Power on the Kootenay: The Fred Elwell Collection

A brief history of the West Kootenay Power & Light Company

Don Ohs Collection : Bonnington Falls power plant construction 1906: Nov. 23rd 1906
Don Ohs Collection

West Kootenay Power and Light Company Ltd. (WKP&L) was founded in 1897 in Rossland. The three founders were involved with the Centre Star Mine. Oliver Durant and Patrick Largey were Americans. Durant was the General Manager of the mine while Largey was the president. They were joined by C R Hosmer, an investor in the mine. Hosmer was the manager of the CPR telegraph system and the town of Hosmer in the East Kootenay is named after him. He was well connected and sat on the boards of some of Canada's most prestigious companies.

The two Americans would not last long in the company. Largey was murdered at a bank he owned in Butte, Montana in January 1898. Durant would serve as WKP&L's first president from 1897-1898. When the Centre Star mine was sold to Toronto interests in September 1898, Durant who was suffering poor health decided to retire to a mansion in Spokane and by 1900 had sold all his interests in WKP&L.

WKP&L looked to harness electricity at the falls on Sheep Creek not far from Rossland. This vision would change during a meeting and drinks at the Centre Star mine office. Sir Charles Ross, a Scotsman, and William Doull from a wealthy family in Nova Scotia had formed a similarly named company Kootenay Power & Light but were looking at electrical generation on the Kootenay River. Bonnington Falls was named by Sir Charles Ross after a waterfall, Bonnington Linn, on the River Clyde on his Scottish estate. The two groups formed an alliance.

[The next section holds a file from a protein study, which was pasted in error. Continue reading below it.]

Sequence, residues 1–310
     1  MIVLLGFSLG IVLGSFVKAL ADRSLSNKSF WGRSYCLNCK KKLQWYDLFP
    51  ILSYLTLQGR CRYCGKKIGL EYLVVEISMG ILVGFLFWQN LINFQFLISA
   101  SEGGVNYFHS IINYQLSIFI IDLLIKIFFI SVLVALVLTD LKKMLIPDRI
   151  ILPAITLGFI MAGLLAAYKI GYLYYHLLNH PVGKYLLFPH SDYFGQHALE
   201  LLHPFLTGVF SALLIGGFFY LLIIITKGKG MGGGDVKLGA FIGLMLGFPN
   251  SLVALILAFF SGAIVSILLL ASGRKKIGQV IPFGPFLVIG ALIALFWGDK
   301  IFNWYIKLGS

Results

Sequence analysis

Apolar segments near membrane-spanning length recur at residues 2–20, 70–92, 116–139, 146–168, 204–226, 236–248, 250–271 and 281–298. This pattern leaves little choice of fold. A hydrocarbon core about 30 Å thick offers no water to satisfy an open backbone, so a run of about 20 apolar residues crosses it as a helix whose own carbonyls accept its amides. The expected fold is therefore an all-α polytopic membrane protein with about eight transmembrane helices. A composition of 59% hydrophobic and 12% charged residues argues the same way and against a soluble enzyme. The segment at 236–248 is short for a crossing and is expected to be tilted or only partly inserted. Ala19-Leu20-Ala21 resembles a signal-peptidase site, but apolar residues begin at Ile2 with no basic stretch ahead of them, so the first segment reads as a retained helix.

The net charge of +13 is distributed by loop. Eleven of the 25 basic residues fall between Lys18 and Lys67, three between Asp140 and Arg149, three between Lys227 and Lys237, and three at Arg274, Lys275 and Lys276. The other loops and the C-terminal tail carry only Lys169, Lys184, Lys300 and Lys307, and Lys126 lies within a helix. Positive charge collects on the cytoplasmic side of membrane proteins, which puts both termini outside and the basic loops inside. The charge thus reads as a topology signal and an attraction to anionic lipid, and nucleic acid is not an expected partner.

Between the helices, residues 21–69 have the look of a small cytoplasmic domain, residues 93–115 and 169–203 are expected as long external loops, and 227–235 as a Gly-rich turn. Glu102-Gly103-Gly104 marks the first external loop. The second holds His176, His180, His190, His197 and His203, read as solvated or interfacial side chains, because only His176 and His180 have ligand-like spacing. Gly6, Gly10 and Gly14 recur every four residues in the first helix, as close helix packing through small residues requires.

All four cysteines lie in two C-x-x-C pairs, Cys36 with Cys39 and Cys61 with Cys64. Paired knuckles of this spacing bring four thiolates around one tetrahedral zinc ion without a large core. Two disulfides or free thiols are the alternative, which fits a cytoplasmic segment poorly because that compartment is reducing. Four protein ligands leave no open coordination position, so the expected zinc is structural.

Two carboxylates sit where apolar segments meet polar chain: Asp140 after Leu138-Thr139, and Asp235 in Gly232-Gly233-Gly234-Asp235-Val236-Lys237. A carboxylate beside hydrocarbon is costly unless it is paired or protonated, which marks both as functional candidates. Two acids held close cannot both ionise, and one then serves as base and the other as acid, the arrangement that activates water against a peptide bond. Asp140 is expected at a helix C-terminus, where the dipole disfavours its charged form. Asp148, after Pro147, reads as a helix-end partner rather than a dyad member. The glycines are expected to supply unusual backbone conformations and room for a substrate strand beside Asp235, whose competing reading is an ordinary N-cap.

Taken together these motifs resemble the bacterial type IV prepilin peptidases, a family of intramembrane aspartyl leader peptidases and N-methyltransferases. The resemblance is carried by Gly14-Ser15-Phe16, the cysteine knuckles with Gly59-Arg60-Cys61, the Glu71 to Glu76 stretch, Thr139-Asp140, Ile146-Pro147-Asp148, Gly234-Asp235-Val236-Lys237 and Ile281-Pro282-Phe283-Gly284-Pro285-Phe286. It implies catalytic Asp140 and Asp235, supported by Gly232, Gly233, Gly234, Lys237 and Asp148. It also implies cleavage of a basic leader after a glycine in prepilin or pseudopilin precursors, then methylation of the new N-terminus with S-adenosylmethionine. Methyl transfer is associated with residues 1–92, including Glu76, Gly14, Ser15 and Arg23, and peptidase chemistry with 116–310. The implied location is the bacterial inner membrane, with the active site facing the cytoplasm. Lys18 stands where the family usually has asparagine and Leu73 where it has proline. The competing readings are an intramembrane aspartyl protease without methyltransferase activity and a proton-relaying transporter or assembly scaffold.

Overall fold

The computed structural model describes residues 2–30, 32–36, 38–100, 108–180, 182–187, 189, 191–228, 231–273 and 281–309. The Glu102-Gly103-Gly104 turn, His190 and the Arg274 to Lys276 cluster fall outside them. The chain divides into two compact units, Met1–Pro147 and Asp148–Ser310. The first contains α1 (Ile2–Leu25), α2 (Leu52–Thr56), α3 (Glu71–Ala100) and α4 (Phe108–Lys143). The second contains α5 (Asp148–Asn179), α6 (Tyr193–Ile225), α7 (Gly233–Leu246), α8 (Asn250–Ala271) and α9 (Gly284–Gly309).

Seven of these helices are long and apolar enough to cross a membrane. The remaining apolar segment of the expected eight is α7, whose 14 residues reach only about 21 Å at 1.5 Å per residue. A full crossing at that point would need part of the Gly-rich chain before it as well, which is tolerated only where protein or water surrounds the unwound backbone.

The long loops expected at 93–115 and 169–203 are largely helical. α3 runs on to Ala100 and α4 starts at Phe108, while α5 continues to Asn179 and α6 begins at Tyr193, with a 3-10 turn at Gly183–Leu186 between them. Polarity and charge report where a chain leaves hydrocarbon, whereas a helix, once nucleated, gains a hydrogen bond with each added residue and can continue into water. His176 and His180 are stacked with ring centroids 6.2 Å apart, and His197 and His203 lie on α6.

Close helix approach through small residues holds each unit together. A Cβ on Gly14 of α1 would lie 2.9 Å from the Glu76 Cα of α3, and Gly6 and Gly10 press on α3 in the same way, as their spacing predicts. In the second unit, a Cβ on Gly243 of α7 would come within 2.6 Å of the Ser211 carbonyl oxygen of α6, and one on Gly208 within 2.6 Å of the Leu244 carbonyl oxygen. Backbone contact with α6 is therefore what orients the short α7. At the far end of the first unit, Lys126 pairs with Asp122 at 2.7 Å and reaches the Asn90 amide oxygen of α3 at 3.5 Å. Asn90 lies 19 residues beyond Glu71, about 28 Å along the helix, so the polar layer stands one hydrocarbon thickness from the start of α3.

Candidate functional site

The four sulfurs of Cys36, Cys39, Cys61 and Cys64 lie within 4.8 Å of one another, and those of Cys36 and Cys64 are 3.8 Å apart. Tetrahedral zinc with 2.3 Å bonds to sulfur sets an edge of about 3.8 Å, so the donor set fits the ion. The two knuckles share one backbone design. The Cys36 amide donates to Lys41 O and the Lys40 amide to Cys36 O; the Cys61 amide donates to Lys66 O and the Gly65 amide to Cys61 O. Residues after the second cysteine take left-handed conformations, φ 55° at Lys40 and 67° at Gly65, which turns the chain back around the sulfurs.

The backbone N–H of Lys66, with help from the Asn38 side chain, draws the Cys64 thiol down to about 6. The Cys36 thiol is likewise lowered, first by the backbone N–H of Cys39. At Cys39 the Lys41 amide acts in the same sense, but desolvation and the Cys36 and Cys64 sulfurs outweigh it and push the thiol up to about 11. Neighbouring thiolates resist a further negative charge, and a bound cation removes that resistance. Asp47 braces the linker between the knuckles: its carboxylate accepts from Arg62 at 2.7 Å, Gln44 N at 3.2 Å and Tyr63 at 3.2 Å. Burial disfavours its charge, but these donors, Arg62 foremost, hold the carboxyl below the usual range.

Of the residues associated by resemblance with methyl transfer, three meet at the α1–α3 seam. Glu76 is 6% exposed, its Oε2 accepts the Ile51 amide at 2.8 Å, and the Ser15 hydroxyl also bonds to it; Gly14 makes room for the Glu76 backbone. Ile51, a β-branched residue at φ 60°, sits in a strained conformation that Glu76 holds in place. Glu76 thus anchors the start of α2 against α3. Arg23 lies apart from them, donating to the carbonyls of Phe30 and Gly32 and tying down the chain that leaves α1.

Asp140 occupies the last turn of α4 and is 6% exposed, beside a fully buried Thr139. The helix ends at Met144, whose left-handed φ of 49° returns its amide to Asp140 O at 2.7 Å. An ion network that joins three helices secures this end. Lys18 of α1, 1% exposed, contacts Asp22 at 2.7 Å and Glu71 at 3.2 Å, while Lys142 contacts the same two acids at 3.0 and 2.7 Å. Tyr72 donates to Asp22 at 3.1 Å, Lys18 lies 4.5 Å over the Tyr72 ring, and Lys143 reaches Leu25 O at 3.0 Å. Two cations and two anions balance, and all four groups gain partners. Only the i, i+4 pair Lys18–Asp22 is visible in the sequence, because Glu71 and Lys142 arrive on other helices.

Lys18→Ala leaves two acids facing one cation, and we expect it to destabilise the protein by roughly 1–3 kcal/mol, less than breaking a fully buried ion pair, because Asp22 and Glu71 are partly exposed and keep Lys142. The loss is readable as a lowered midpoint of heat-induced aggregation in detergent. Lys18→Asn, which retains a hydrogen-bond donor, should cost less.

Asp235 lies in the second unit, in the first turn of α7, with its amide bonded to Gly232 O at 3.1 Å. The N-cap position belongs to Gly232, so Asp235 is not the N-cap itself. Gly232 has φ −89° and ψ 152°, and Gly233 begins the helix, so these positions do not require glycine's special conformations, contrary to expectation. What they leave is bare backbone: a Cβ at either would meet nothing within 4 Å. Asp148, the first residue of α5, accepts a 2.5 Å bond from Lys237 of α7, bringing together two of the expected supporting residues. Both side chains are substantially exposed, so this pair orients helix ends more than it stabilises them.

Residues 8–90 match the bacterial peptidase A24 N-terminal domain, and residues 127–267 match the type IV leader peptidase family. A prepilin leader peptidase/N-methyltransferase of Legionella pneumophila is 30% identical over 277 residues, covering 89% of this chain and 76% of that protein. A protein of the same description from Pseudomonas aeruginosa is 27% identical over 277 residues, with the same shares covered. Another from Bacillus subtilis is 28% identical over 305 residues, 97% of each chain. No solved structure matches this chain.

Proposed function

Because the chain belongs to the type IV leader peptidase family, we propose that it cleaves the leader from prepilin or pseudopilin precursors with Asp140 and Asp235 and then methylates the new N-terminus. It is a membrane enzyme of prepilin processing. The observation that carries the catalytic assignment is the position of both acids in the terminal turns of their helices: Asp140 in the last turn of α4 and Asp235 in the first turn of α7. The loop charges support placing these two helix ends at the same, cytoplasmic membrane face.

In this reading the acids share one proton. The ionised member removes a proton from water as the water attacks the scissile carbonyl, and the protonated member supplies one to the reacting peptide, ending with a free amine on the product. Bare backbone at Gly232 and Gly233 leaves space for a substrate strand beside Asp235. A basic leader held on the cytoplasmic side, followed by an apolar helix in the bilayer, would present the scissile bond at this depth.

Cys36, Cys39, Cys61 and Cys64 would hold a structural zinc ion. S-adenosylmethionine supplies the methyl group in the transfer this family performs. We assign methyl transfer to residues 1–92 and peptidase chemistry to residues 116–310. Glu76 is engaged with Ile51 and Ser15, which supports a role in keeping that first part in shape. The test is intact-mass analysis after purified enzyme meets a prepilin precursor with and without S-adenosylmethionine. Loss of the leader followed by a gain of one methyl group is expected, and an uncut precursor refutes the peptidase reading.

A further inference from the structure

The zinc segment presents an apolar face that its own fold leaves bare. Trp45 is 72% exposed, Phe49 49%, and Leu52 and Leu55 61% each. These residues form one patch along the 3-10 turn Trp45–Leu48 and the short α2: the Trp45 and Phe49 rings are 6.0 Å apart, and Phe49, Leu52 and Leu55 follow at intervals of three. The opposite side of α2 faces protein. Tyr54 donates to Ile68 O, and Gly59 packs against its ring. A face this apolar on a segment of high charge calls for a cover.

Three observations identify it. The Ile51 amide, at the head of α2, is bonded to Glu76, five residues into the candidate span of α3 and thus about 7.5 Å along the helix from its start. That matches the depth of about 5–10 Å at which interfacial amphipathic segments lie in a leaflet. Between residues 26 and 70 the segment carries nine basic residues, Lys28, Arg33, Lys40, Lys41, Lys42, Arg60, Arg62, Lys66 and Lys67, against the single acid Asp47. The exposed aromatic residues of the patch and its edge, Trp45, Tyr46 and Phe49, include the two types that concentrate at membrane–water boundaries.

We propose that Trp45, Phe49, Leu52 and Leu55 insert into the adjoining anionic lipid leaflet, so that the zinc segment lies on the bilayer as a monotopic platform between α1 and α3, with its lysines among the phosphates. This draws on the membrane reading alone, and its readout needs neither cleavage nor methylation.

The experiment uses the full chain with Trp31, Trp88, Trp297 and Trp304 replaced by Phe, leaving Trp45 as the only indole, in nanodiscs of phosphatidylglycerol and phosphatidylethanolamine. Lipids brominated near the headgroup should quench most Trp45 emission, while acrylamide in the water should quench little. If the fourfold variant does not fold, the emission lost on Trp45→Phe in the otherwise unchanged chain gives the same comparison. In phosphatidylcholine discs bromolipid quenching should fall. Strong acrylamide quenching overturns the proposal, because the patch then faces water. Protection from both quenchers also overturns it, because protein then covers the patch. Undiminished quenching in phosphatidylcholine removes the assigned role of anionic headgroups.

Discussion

Don Ohs Collection : Bonnington Falls power house construction Dick Kerr Generator 1906.
Don Ohs Collection

Ross had studied mechanical engineering at Cambridge and would oversee the construction of the power plant at Lower Bonnington Falls and the transmission line to Rossland. Ross grew bored of day to day management and in January 1898 hired Lorne Campbell of Canadian Electric to oversee the completion of the project. Lorne Campbell would leave Canadian Electric and became general manager of WKP&L in May 1898, a position he would hold until his death in 1947. WKP&L would bring power to Rossland by mid-July 1898. The transmission line would be a first for North America, a long distance line of 32 miles. The power house at Lower Bonnington had two generators and a third would be added in 1899.

Ross would be president of WKP&L from 1898 to 1903. However, he was rarely in the area. He was negotiating deals in China and Russia, and was in South Africa fighting in the second Boer war in 1900. He designed a rifle and built a factory in Connecticut, eventually relocating to Quebec City after he was awarded a contract by the government of Canada in 1902. The Ross Rifle Mark III was issued to Canadian troops during WW1. The rifle was not designed for the dirty conditions of trench warfare. It was largely abandoned in favour of the British Lee Enfield though Allied snipers preferred the Ross.